The 73rd session of the UN General Assembly took part last week in New York City.
Themed ‘Making the United Nations Relevant to all People: Global Leadership and Shared Responsibilities for Peaceful, Equitable and Sustainable Societies’, the assembly was part strategy, part self-aggrandisement – particularly as far as the big powers were concerned.
While Trump seized the moment to remind everyone of his ‘bigly’ accomplishments – which are “more than almost any administration in the history of our country” – our European comrade Emmanuel Macron was in no mood to take prisoners. He fired back at the Trumpian doctrine of nationalism, calling for multilateralism – especially in diplomacy and trade.
Seen to care for next-gen
While plenary duels stole the headlines, sideline events were largely underreported, like the youth agenda panel for instance, which our main man Lars Løkke Rasmussen attended.
Titled ‘Working for and with Young People’, the panel praised Løkke for Denmark’s support of the UN youth agenda. Fair game; Denmark can be found at the forefront supporting several UN undertakings – particularly youth-related ones. Asked why Denmark commits to youth engagement, the premier quipped: “It is not very difficult to answer that question, as it is about the future, and right now we have the biggest youth generation in the history of the world.” Easy.
Blowing his own trumpet, he further reminded all and sundry of the Sustainable Development Goals (SDGs) adopted at the UN summit in 2015 that he chaired. He noted that the SDGs were basically a “contract between generations, between regions and between genders … and there is no way we can achieve the SDGs unless we engage the next generation”. Pause right there, Mr Prime Minister.
Denmark first, unis last
While internationally Denmark may be seen as a champion of youth, globalisation and multilateralism, affairs back home are not necessarily on par. Just this August the education minister announced a significant cut to English language programs at Danish universities. It is a no-brainer that this will greatly impact Denmark’s attraction of international talent and competitiveness.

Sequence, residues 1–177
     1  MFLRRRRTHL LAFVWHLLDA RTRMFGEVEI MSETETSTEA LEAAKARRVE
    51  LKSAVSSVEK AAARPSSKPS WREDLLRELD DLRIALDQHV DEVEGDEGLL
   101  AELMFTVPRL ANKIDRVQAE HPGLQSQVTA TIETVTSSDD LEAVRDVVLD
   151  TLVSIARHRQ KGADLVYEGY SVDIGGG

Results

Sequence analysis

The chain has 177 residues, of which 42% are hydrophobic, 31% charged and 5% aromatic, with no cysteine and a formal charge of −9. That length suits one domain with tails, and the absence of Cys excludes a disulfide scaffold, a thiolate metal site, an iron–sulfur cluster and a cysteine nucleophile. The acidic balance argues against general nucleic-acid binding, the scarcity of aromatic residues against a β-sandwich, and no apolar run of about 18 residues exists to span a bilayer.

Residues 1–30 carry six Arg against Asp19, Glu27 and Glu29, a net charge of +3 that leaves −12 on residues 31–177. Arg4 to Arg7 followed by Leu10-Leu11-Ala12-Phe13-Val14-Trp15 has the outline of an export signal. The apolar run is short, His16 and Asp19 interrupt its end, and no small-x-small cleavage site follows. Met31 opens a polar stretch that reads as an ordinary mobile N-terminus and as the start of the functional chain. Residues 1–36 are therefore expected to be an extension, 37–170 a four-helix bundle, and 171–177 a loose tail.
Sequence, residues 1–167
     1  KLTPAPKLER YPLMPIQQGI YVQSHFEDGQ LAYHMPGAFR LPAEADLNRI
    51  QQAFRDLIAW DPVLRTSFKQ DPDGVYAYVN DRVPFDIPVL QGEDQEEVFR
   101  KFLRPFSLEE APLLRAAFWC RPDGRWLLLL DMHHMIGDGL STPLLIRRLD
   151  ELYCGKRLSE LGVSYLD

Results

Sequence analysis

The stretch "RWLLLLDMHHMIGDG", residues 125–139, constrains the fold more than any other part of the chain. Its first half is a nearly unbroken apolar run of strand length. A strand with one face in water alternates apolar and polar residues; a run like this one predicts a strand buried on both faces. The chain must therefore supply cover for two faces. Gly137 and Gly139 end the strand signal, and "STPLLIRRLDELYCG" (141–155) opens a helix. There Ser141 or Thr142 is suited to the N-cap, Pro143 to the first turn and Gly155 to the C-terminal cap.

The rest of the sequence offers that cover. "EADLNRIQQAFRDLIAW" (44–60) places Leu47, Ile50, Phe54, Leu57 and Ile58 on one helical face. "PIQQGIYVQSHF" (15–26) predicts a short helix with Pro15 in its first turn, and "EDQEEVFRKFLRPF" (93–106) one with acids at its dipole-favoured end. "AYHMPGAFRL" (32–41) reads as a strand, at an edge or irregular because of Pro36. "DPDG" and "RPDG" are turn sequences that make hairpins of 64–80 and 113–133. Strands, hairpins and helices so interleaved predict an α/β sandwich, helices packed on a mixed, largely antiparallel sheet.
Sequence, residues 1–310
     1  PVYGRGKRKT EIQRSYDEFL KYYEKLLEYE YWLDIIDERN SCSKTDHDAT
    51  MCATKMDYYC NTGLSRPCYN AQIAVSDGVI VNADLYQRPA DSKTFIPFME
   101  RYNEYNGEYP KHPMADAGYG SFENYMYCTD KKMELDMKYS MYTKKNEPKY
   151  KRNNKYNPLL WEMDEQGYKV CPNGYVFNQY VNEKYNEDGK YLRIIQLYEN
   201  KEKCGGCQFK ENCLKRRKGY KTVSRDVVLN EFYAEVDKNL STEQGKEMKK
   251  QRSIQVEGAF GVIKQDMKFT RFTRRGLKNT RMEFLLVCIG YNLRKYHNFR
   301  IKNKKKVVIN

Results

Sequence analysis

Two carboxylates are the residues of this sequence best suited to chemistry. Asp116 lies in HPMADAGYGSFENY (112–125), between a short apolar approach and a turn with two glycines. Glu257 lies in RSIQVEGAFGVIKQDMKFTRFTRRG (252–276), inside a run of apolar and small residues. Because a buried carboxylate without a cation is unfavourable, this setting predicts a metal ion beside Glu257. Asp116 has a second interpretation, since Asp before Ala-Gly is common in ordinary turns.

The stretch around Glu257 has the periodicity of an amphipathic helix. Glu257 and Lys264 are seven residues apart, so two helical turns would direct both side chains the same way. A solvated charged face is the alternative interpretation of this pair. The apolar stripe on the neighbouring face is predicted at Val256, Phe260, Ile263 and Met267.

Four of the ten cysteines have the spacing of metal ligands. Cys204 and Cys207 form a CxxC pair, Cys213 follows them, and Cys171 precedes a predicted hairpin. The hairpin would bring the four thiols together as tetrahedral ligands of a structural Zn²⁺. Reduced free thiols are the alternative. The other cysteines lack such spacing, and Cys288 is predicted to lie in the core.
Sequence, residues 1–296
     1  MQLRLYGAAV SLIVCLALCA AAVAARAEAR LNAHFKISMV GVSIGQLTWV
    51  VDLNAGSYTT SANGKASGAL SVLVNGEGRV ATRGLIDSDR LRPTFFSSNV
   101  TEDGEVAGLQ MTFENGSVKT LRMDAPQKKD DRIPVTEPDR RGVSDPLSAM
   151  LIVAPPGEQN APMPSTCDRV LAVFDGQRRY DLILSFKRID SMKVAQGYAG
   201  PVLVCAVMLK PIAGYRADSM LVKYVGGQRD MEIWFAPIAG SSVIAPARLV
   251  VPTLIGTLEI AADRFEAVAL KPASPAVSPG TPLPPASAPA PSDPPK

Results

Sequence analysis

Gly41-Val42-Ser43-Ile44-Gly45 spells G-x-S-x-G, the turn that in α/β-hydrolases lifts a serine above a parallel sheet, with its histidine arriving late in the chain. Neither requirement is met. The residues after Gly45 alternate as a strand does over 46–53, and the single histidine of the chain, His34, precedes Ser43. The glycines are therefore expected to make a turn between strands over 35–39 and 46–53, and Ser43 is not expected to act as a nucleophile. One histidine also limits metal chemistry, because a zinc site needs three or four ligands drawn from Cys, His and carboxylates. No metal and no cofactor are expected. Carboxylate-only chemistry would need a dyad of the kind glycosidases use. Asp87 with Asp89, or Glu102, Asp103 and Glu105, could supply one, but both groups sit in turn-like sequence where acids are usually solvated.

In the case of the University of Copenhagen, its rector Henrik C Wegener noted that “the University of Copenhagen is already working on getting more international students to find jobs in Danish companies. But the university’s English-language programs are part and parcel of being an international university with international top researchers who can research and teach for the benefit of Danish students.”
Cut universities’ international engagement, and the loss is ours.
Blame it on Bogeyman
While Trump is the undisputed king of isolationism, Løkke’s gospel according to ‘Denmark First’ is not far off, whether it is education cuts, toughened refugee policies, inhibiting family reunification laws or rigid Danish citizenship statutes. Clearly, Donald Trump, Victor Oban and their ilk have admirers.
And if anything goes wrong, make sure you’ve got a scapegoat ready. Danske Bank’s money-laundering scandal, which has been described by the European Commission as “the biggest financial scandal in Europe” right now, has led to the resignation of its chief executive Thomas Borgen.
And he just happens to be a Norwegian. While Borgen is not personally implicated, the buck stopped at his desk. Another scandal, another foreigner. Bro! We messed up again! These foreigners!